More effective integration into the world trading system is part of the transition from central planning to markets. Based on market forces, international trade promotes more efficient resource allocation and increased productivity and growth—necessary conditions for sustainable poverty alleviation. The low-income CIS-7 countries started the transition with different resource endowments but with similar protectionist policies that isolated their economies from the rest of the world and created large distortions in prices and resource allocation.
David Kennedy, Samuel Fankhauser, and Martin Raiser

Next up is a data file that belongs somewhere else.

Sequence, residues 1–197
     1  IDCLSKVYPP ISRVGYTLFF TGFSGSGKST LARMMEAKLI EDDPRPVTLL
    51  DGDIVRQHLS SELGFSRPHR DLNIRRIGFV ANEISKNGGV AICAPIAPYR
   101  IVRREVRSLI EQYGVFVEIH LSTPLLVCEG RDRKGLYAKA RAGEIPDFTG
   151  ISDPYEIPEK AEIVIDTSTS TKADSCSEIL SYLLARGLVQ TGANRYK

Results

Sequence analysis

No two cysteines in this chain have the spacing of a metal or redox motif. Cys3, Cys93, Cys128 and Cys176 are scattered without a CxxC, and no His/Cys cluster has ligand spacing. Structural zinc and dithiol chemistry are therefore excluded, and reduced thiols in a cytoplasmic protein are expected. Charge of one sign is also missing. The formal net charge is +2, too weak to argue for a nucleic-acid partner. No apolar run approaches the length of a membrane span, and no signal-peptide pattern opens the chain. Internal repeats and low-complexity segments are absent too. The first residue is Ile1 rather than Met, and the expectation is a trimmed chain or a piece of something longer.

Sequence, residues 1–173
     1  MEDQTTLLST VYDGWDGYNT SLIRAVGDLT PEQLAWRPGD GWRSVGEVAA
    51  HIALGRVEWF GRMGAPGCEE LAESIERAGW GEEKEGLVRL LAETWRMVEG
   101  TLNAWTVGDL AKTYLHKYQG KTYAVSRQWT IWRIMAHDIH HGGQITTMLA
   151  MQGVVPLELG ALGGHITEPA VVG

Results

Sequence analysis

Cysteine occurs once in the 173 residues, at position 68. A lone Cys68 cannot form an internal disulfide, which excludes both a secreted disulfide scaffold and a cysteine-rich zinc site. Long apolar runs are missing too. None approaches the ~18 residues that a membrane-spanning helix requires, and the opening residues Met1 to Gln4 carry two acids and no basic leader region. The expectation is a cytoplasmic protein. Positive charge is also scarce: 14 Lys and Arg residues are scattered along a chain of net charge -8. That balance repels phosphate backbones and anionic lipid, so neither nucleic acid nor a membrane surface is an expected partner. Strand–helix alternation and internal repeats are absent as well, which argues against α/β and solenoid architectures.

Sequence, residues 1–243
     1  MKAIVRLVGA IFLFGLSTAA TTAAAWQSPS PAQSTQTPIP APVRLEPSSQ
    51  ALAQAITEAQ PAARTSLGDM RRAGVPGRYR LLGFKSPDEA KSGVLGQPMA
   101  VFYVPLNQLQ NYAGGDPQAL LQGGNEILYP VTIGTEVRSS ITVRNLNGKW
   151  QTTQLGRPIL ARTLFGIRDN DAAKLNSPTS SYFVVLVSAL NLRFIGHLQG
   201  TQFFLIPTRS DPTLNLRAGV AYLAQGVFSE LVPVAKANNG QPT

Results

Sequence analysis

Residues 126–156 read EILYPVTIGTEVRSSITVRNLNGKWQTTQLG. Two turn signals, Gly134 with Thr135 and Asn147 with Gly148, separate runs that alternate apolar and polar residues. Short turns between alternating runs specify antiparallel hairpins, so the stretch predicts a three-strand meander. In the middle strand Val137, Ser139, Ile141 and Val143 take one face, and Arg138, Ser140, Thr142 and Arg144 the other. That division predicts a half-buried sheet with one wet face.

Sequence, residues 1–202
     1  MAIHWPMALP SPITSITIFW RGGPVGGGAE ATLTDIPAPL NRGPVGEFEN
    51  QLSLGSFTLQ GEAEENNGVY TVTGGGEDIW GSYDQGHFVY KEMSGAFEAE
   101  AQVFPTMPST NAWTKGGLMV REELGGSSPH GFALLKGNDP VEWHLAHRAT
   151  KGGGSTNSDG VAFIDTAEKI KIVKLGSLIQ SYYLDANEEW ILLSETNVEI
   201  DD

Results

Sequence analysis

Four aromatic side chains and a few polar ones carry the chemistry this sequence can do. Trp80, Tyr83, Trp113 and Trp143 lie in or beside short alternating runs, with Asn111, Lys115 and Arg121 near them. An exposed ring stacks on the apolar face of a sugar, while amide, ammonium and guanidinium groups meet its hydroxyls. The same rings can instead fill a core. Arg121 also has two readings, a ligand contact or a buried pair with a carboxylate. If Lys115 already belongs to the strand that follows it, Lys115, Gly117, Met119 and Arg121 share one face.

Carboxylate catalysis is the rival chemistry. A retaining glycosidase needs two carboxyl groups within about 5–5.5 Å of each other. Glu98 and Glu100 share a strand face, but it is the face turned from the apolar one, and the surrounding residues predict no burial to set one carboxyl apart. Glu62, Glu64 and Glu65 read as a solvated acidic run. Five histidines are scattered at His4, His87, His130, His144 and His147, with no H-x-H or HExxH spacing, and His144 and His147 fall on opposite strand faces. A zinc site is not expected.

Energy and water have emerged as critical issues for the CIS-7 countries—Armenia, Azerbaijan, Georgia, the Kyrgyz Republic, Moldova, Tajikistan, and Uzbekistan—and their neighbors for at least two reasons. The first is that energy and water constitute the region’s main natural resources, and the exploitation of both was and still is a key to these countries’ mode of production. The second is that the distribution of these resources is very unequal across countries. Azerbaijan, Kazakhstan, Turkmenistan, and Uzbekistan benefit from rich energy reserves, while Armenia, Georgia, the Kyrgyz Republic, and Tajikistan have substantial water resources. This unequal distribution gives rise to potential gains from trade but it is also the source of recurrent conflict between neighboring states in the region. Energy and water issues are closely linked given that the latter can be used, inter alia, for hydropower generation and/or irrigation. Use of water in the municipal sector is not discussed in this chapter. Replenishment of the Aral Sea as an alternative to irrigation is consistent with increased winter hydro generation, discussed below under “Unlocking the Benefits from Trade.”